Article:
As it was evident that the number of performances of artistes from Mayurbhanj have gone through a subsequent fall in the past few years and Project Chhauni was committed towards creating a “Mayurbhanj Chhau Performing Unit” (MCPU). For this, a selection process was put in place and artiste were categorized according to their talent and experience to get appropriate chances of performance and apt reputation and remuneration.
Audition For Artists:
On February 27 and 28, 2017, an audition was organised for select dancers and musicians from 213 organisations practicing Chhau across Mayurbhanj and out of them 60 artistes were chosen for MCPU. These artistes were then further trained in a 12-days-workshop. Exponents like Santosh Nair from “Sadhya”, New Delhi, trained the local artistes. Subrat Pattanayak from Bhubaneswar also worked with the artistes. The local Gurus from Baripada played a major part in training of both Mayurbhanj Chhau dance and music.
In the coming days the project will come up with interactional training workshops to choreograph both traditional and contemporary Chhau repertoire. Project Chhauni will always create scope of training and proper exposure to the artistes. It will strive to provide better costumes and other inputs to upgrade the current scenario. It will work to provide Mayurbhanj Chhau the status it deserves in the national and international map of art and culture.
The Origin of Chhau:
Many Scholars down the years have deeply followed the colloquial stories about the origin of Mayurbhanj chhau , and connecting one leading fact to another they have come with some conceivable theories behind the evolution of this dance form. Although these theories are contradictory in themselves, the truth behind Origin of Chhau partially belongs to all these theories.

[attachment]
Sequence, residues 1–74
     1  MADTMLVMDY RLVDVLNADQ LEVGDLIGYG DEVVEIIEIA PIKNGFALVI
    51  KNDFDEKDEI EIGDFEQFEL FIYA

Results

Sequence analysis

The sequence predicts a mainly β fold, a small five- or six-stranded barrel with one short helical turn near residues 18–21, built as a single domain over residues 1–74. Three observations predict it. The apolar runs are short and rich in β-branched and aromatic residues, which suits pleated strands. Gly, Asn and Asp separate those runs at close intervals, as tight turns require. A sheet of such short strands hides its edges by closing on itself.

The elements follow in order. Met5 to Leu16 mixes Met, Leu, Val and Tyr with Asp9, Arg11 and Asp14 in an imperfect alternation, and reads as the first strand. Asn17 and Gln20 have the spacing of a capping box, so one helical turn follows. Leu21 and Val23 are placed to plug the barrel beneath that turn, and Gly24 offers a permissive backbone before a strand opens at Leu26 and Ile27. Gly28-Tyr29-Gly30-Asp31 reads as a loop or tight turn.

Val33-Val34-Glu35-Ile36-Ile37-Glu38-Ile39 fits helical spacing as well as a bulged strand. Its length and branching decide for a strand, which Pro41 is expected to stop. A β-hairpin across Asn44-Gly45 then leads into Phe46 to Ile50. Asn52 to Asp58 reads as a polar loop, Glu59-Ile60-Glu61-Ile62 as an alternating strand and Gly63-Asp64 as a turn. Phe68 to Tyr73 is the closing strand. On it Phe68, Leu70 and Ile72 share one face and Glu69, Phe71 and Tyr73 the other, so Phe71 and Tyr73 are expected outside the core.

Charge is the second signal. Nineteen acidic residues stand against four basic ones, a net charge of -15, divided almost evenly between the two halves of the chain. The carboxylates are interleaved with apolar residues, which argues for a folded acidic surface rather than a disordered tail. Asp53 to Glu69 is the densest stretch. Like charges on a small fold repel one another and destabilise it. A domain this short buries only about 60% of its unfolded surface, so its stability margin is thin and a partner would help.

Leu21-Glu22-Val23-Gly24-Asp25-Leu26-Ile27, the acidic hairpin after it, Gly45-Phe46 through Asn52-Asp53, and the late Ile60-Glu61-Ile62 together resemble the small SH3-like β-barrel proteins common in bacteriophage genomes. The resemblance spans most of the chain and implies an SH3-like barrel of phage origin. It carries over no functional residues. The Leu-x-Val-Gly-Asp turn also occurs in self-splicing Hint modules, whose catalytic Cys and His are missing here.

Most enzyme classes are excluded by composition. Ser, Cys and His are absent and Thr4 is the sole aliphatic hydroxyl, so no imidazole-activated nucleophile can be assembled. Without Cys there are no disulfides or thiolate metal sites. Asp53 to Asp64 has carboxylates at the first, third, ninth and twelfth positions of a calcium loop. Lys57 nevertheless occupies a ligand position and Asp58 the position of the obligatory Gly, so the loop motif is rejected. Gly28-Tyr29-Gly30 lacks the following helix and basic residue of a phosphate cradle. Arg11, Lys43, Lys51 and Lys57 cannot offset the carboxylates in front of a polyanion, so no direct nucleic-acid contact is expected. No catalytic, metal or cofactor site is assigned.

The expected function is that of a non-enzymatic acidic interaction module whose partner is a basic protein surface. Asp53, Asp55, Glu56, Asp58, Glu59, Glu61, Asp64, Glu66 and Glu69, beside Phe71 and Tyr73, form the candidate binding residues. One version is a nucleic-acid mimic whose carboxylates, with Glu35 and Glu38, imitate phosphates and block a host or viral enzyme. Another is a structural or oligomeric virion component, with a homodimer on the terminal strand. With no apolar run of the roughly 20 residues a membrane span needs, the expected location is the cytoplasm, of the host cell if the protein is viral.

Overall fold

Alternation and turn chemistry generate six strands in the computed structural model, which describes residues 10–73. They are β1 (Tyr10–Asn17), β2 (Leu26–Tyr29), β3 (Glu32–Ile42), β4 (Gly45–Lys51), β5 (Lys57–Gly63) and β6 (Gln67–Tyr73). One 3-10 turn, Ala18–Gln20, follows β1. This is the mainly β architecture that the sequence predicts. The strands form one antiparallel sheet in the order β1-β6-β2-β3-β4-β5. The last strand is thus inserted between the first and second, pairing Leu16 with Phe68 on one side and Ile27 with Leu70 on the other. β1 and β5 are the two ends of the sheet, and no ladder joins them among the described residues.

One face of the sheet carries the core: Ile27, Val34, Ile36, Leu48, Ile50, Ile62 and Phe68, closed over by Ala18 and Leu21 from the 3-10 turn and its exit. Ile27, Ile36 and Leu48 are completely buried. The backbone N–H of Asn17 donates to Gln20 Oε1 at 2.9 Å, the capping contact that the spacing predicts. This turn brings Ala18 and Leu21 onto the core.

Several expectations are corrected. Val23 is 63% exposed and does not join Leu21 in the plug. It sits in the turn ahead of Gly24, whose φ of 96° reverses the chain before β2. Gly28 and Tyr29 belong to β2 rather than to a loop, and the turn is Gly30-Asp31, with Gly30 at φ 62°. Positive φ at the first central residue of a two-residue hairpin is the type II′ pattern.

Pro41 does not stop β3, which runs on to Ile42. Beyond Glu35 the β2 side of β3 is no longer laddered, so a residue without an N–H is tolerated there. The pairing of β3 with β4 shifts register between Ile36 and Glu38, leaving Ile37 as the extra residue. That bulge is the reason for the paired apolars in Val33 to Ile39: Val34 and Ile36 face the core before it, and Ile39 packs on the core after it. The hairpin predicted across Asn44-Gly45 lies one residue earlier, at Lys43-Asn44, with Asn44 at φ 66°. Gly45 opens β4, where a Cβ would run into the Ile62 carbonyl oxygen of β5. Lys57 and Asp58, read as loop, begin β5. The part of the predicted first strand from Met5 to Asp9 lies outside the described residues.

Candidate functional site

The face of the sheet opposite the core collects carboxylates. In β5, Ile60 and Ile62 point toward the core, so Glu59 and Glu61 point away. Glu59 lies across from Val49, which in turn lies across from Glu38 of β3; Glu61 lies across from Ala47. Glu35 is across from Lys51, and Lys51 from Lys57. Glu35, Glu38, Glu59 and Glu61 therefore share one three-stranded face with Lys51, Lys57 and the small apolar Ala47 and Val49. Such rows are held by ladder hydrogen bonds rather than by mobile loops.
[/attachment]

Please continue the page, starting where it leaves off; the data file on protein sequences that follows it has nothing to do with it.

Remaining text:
A group of historians and scholars feel that Chhau in the past and present has been prevalent in the Eastern zone of India, primarily in the Odia speaking region. The geographical names of these area are Bhanjabhum (now-Mayurbhanj), Singhbhum (now-Sareikela) and Manabhu (now –Purulia). They further mention that in the past all these areas were under the rule of the Gajapati Kings of Odisha. Some of the regions were directly ruled by them and some were managed and controlled by their feudatory chiefs. These feudatory chiefs were the Maharajas of Mayurbhanj , Sareikela and the Rajas of Dhalbhum, Manabhum and Kharasuan. Perhaps for this reason, the cultural practices of these places are identical in nature.
Chhau’s Genesis and Progress:
In the early years of its evolvement Chhau was purely martial, but when it attracted the royal families, the travelers to these regions it started getting characters. Mythological stories became the main subject around which it was choreographed. Similarly, the martial music started incorporating folk songs of Jhumar, and the excerpts from Hindustani classical music and Odissi music.
The Mayurbhanj Chhau dance grew and developed with the royal patronage of the rulers of the erstwhile Mayurbhanj State. It reached its pinnacle due to the proper financial assistance and personal involvement of the members of the Royals.
In the past years the dance has witnessed many changes. Foreign artistes have embraced it with complete dedication and also artistes from other dance forms have experimented with Chhau in their contemporary creations.